Alexander Stubb is set to become Finland’s next prime minister, and he said he wants the country to join NATO. This could cause problems since Russia has “warned” Finland, along with Sweden, over a relationship with NATO and even told NATO that Moscow will respond if the organization builds near Russia’s borders.
Russian Foreign Minister Sergei Lavrov is currently in Finland.
“We have to aim at maximising [sic] Finland’s national security and being part of decision-making, and that happens best as a NATO member,” Stubb told Reuters. “It is absolutely clear that we have to have a comprehensive debate about that.”
However, Lavrov said Finland told him on Saturday the country does not have any plans to join NATO.
“Finnish President [Sauli] Niinisto suggested imagining that Finland is suddenly a NATO member, and it will immediately double the length of the NATO-Russia border. He added that, if Sweden takes this path too, the Baltic Sea will essentially become an internal sea of NATO. Do Northern Europeans need that and how Russia will react – President Niinisto asked these questions, making it pretty clear that he knows the answer and it is negative – no one needs that,” Lavrov said.
Finland borders Russia, and due to Moscow’s aggression towards Ukraine, the country is concerned with national security. Russia issued a stern warning at Finland’s National Defense Courses Association meeting against joining NATO.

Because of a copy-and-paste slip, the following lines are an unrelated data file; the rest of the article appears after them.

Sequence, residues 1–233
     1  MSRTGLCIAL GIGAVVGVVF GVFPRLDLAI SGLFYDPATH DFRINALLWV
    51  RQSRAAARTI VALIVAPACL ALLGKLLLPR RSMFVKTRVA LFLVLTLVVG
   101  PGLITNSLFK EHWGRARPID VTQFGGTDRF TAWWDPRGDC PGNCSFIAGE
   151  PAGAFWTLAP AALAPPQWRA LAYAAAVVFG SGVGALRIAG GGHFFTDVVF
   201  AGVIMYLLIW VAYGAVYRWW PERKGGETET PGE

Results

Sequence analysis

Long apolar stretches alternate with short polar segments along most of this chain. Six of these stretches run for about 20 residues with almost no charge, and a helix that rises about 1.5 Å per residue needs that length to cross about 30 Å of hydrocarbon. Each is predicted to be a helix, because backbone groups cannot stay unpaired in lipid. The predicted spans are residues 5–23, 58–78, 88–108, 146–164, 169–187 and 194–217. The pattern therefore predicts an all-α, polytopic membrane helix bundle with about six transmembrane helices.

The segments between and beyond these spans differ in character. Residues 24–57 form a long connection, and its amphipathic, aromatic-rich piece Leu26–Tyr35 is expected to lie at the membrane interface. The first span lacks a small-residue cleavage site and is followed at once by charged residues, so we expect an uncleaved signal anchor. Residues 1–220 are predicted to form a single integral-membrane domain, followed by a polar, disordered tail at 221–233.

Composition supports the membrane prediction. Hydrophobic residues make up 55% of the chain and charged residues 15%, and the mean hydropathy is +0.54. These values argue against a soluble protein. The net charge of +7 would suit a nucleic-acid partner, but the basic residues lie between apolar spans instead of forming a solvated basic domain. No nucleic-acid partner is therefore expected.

“Military cooperation between Russia and NATO is progressing well and is beneficial to both parties. In contrast, cooperation between Finland and NATO threatens Russia’s security. Finland should not be desirous of NATO membership, rather it should preferably have tighter military cooperation with Russia,” said Chief of the General Staff of the Armed Forces of Russia Nikolai Yegorovich Makarov.
During the last week of March, Russia decided to perform military exercises on Finland’s border, which was just a week after Moscow annexed Crimea from Ukraine. While the countries cooperate with NATO and the other NATO Nordic states Denmark, Norway, and Iceland, recent events may force Sweden and Finland to do more. Russian President Vladimir Putin’s senior political adviser, Sergei Markov, said “Russophobia” is the reason behind Finland’s desire to join NATO.
“Finland should think of the consequences, if it ponders joining NATO. It must ask could joining start World War III? Anti-Semitism started World War II. Russophobia can start a third world war. Finland is one of the most Russophobic countries in Europe, after Sweden, Poland and the Baltic countries,” said Markov.
Kristian Gerner, a political analyst and Russian specialist at Sweden’s Univeristy of Lund, said the claims are not true.
“They border on the paranoid and are somewhat hysterical. Perhaps Russia is irate over Swedish Foreign Minister [Carl] Bildt’s efforts to find a solution to the Ukraine crisis,” he said.
On June 9, Russia told NATO Moscow will respond if the organization continues to build up forces on Russia’s borders. Deputy Foreign Minister Vladimir Titov said Russia considers NATO unit movement as a hostile act against Moscow.
“We cannot see such a build-up of the alliance’s military power near the border with Russia as anything else but a demonstration of hostile intentions,” he said. “It would be hard to see additional deployment of substantial NATO military forces in central-eastern Europe, even if on a rotational basis, as anything else but a direct violation of provisions of the 1997 Founding Act on relations between Russia and NATO.”
“We will be forced to undertake all necessary political and military measures to reliably safeguard our security,” he continued.